The trail turned quite dusty, and we were all breathing the volcanic ash thrown into the air by our boots. Eventually the trail became both rockier and more downhill, and we started to see signs of larger trees and forests. We were also getting closer to the clouds, and shortly later we started to feel the humidity increase and temperature decrease. Around us were groves and patches of large deciduous trees; we were nearing the rainforest. Azizi, Alex, and I had gotten ahead of the group by a decent margin, and upon reaching a fork in the trail took a break to let the others catch up.

One way led straight to our camp for the night, while the other, via a short detour, led to the Maundi Crater - a small older crater formed at the same time as the Mawenzi peak when the floor of the hill collapsed. It was still pretty early in the afternoon (before 4:00pm) so Alex and I decided we wanted to see the crater. Once a few others had caught up we took off along the crater trail.

We took a short but steep trail up to the rim. It was no more than a couple hundred feet across, lined by moss-covered trees, and filled with grasses that reminded me of the heather found in the rough at the British Open. We took a short trail along the rim where Azizi showed Randy and me a viewpoint of the rainforest below us. After climbing down into, across, and back up to the rim of the crater we headed back down to camp for the night at the Mandara Camp.

The weather and ecosystem transition was incredibly quick. No more than a few hundred yards down the trail towards camp we were surrounded by towering moss covered trees, with lush green plants everywhere. The misty clouds were now also blocking the sun, making it quite dark. We had left the open and sunny trail only a few minutes ago for the dark and covered forest.

We got to Mandara camp around 5:00pm, dropped our packs, removed our boots, and changed clothes after washing off a bit. We met in the dinner tent with popcorn waiting for us. Dinner was served a bit later - the cucumber soup we had previously (excellent once again) along with rice served with the meat/pea/lentil stew. This was only okay - the peas were undercooked and crunchy compared with the rest of the vegetables. It was a little disappointing, but that's probably more of a tribute to how excellent the food had been on the rest of the hike.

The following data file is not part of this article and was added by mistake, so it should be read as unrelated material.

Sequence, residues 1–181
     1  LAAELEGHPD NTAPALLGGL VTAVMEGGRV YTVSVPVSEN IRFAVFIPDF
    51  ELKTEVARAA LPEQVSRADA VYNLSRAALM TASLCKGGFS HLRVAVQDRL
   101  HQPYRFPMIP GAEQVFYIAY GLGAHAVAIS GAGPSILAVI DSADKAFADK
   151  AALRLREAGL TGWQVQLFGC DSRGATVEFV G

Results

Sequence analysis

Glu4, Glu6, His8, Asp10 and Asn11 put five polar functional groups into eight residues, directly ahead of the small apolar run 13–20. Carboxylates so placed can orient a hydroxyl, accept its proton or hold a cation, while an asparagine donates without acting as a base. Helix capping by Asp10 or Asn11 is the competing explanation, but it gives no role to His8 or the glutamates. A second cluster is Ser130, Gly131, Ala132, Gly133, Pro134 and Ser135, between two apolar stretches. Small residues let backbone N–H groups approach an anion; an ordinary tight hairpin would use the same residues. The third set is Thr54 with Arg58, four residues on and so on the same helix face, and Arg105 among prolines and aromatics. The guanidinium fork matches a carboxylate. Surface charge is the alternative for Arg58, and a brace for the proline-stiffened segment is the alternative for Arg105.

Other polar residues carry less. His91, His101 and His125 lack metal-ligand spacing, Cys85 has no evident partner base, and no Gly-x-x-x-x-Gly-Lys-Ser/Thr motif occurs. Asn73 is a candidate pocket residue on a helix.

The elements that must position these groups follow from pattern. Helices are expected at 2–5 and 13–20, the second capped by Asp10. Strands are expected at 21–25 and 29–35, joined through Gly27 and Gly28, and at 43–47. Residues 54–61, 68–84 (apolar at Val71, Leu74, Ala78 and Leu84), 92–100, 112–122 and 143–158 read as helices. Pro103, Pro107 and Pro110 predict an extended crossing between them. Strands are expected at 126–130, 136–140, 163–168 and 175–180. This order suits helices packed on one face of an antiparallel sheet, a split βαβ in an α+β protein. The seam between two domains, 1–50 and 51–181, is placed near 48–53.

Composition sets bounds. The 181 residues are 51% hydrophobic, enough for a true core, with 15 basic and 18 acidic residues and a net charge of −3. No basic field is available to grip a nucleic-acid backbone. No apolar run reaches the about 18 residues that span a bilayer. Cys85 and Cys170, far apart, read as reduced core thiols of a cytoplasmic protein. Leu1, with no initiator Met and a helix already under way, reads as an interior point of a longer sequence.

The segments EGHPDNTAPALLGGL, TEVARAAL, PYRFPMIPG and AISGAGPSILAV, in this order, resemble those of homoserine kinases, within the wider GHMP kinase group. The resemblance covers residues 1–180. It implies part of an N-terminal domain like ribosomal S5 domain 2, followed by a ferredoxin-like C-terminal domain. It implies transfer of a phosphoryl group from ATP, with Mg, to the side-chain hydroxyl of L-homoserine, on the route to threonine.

My feet now had a few issues - the start of blisters on my right two toes of my right foot. I hadn't experienced any issues with my feet earlier, but I guess the 12+ miles and more than a mile vertical drop from today took its toll. My knees did feel good though. I don't know if it was the use of the trekking poles but they certainly didn't hurt.

After dinner the rest of the group went back to their tents while I stayed to write. I was joined later by Randy and Nikki doing the same thing. After writing for quite a while (I had an extra day to catch up on at this point) and outlasting Nikki and Randy, I answered nature's call before heading to bed.

Hike Start: Kibo Base Camp at 4708m (15450 ft)

Hike End: Mandara Camp at 2709m (8900 ft)

Hike Coverage: 19 km (12 miles) distance, 2000m (6600 ft) vertical drop

>> View all pictures from today <<      

Heading Down (Machame Route, Mt. Kilimanjaro)

Trail Through the Saddle (Machame Route, Mt. Kilimanjaro)

Walking Towards the Clouds (Machame Route, Mt. Kilimanjaro)

Group Photo (Machame Route, Mt. Kilimanjaro)
Back Row: Andy, Ryan, Kim, Yoko, Msafiri, Nikki, Alex, Kibacha
Front Row: Hilary, Randy, Alan, Azizi

Dendrosenecio kilimanjari and Mt. Kilimanjaro (Machame Route)

The Trail (Machame Route, Mt. Kilimanjaro)

Randy in Maundi Crater (Mt. Kilimanjaro)

Into the Rainforest
(Machame Route, Mt. Kilimanjaro)

     More pictures from today:

Mt. Kilimanjaro (viewed from Machame Route)
Horombo Camp (Machame Route, Mt. Kilimanjaro)

Small Volcanic Cones (Machame Route, Mt. Kilimanjaro)
Impatiens Kilimanjari (Machame Route, Mt. Kilimanjaro)

Rainforest Panorama (viewed from Maundi Crater, Mt. Kilimanjaro)